—Keeping An Eye Out—: First and foremost, will the Job market improve?  If it does, then consumption will go up and consumers will be able to dish out more cash if firms raise prices.  Is the Fed able to rekindle the buy buy buy mentality with the use of credit?   Is the recent rise in consumer inflation expectations just a blip?  I’ll be watching this indicator as well.


Financial Market Forecasts

Stock Market & Commodities:

—Main Thesis—: Many headwinds are in store for US markets in 2011.  In the US, the housing market has once again rolled over and is in the process of double-dipping (this may negatively affect domestic consumption trends).  Meanwhile, Emerging Markets are experiencing their inflation-related issues and have been raising interest rates as a result.  Looking at how Emerging Market indices have lagged in the latest run-up in the US equity markets portrays tougher times ahead for those economies.  Let’s not forget how important these countries have been for US corporate profits lately.  The Eurozone issues don’t seem to be getting resolved (it’s surprising how nothing’s really said on this front anymore).  Lack of clarity or solution on these fronts have yielded some unsightly cracks in the bull market’s armor as of late.  Furthermore, there’s a large sense of complacency among investors as the VIX is at levels last seen April ’10 (when the markets promptly sank 10+%) or mid-2008 (I don’t need to delve into what happened in subsequent months).  These signs are cause for concern in my view.  I believe that US equity markets will rollover at some point this year and the secular bear market that has been in place since the mid-2000s will resume once again.  In the end, I don’t feel like we’ve experienced a market low that would be characterized by a sense of indifference and hopelessness towards US stocks.  That would be called a secular market low.  With the large imbalances that exist in the US economy I believe we will see one in the years ahead.

—What Happened?—:  Stocks and Commodities staged brilliant comebacks (much to my chagrin–though I did see the rally at the back end of 2010) to finish 2010 in positive territory.  The magic began after the Jackson Hole summit where Bernanke began openly discussing QE2.  Analysts believe 2011 will bring more equity gains as the recovery strengthens.

—Keeping An Eye Out—: I’ll be keeping on eye on the Fed presidents (see US monetary policy section) to see when QE3 will make its appearance (too late in my view).  At this point, the economy is in a secular restructuring process as de-leveraging takes place and unemployment remains high. As far as I can see, the highest probability of an impetus in growth leading to a sizable rally in US stocks would have to come from a fiscal or monetary source (as it did in the back half of 2010) or a miraculous bullish sequence of events in China.  I’ll also be keeping a close eye on the developing divergence between equity prices and breadth to see if it corrects or not.  Regarding commodities, I’ll be checking out how the China story progresses.  If things sound like they are getting worse, commodities may have downside risk.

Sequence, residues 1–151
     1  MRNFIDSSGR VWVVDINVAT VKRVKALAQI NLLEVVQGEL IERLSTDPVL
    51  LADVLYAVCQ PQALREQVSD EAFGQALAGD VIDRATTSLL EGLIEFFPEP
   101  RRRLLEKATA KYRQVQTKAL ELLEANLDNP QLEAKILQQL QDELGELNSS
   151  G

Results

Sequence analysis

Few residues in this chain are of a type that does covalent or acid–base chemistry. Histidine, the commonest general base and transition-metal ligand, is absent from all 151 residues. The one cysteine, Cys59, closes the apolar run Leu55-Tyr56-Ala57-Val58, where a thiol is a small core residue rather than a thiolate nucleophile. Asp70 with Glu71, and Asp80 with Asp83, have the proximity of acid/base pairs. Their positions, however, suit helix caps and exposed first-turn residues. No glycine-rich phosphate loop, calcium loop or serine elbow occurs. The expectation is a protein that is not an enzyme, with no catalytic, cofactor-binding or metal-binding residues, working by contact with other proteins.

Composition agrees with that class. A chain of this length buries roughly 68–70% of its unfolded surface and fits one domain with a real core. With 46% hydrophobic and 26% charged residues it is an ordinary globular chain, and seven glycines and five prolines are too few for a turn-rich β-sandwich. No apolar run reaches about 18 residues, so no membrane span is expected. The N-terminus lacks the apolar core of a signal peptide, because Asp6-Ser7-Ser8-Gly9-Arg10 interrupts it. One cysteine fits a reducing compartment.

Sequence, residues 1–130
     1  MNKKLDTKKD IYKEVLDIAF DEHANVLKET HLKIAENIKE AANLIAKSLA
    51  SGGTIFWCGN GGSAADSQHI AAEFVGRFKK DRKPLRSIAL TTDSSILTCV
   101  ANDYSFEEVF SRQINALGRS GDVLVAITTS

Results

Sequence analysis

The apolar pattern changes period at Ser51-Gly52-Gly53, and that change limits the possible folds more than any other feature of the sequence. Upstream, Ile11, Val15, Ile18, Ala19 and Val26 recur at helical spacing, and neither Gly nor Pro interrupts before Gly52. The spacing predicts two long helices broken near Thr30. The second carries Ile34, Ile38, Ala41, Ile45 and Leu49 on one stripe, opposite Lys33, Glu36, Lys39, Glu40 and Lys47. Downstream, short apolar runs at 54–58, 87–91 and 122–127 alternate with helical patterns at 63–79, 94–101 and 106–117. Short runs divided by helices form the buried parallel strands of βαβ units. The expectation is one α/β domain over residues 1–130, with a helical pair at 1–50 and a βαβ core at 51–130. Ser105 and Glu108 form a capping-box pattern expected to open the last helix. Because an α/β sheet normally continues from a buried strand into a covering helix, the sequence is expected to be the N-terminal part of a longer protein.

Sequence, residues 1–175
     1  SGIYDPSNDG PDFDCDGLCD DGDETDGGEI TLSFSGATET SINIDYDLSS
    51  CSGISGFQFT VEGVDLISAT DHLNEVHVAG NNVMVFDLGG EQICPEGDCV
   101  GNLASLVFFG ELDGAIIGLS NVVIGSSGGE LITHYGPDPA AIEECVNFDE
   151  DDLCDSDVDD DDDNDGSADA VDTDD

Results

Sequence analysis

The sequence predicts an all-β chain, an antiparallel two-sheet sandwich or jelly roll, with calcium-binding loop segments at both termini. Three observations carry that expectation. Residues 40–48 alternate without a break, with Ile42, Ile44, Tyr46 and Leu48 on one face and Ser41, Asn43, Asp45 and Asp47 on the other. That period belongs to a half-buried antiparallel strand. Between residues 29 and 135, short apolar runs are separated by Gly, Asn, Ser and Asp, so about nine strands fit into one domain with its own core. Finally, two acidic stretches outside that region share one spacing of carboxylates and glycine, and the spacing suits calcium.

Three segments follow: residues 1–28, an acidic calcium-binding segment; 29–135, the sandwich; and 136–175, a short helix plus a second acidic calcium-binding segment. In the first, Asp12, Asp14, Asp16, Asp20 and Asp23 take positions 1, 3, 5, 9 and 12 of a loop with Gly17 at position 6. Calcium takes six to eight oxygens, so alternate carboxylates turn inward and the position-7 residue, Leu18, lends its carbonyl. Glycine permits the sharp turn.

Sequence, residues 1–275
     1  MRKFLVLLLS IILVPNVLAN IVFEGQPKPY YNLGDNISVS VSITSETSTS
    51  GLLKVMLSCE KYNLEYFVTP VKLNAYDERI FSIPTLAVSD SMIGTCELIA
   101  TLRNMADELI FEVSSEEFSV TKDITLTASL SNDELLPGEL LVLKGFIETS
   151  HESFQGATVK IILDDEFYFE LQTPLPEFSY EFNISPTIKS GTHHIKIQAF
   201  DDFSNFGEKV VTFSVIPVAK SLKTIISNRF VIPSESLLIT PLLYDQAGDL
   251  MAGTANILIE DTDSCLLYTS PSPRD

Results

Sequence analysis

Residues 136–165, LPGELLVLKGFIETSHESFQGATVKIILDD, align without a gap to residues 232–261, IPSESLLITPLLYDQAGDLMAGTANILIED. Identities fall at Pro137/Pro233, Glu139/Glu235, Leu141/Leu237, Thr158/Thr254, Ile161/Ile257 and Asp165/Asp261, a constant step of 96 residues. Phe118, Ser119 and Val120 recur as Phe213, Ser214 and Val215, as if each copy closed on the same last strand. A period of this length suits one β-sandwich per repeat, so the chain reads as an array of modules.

Treasury Market/Interest Rates:

—Main Thesis—:  Over the medium term, I am still bullish on US Treasuries and have more conviction now than I had a few months ago.  Fears of higher inflation leading to hyperinflation are overblown in my view.  This is still a detested asset class, so the wall of worry remains high.  From my point of view, the US consumer is tapped out because of too much debt.  As long as you have that factor and a tepid recovery in the job market, companies won’t have the necessary pricing power to create an inflationary spiral.  Issues in Europe have not gone away and emerging markets are actively suppressing economic growth for fear of inflation eroding rural savings (think Egypt and Middle East riots).  The risks facing investors are daunting and I don’t believe that they are accounted for in current US equity prices.  As equity markets begin to realize the magnitude and gravity of the situation at hand, Treasury yields will begin perhaps the final leg in the secular bull market that has existed since 1981.   Sources of demand for Treasuries will continue to come from retirees, banks, and pension-funds.  While we may see the pricing in of a credit quality premium (US = AAA?), it should be offset by an overall deflationary outcome for a time.  Regarding the longer-term, something very worrying occurred when the markets rose in the second half of 2010.  Quantitative easing did NOT achieve the goals Bernanke said the policy would achieve.  Rates did NOT go down.  They’ve moved higher since then.  In the years ahead, I’m beginning to see a situation where we may see a sustainable recovery in China producing some very unexpected consequences in the US.  Continued QE may be laying the groundwork for a period of significant increases in commodity prices, which would bring about the downside from the Treasury market top.  Is the 30-yr yield starting to smell this?  It’s about to break through a declining trend in yields in place since 1996.

—What Happened?—: Bernanke started chatting about QE2 and since then Treasury bond prices have declined sending yields higher.  I became cautious during this time.  Fears of inflation eating away at bond investors’ coupons have caused yields spike recently.

—Keeping An Eye Out—:  China China China.  Once China embarks on a sustainable recovery driven by consumption, the secular bull in Treasuries will be done in my view.  On a more granular level, I’ll be looking at consumer inflation expectations as well as the job market and consumption.


This completes my overall thesis. My next update will occur around mid-June/early-July.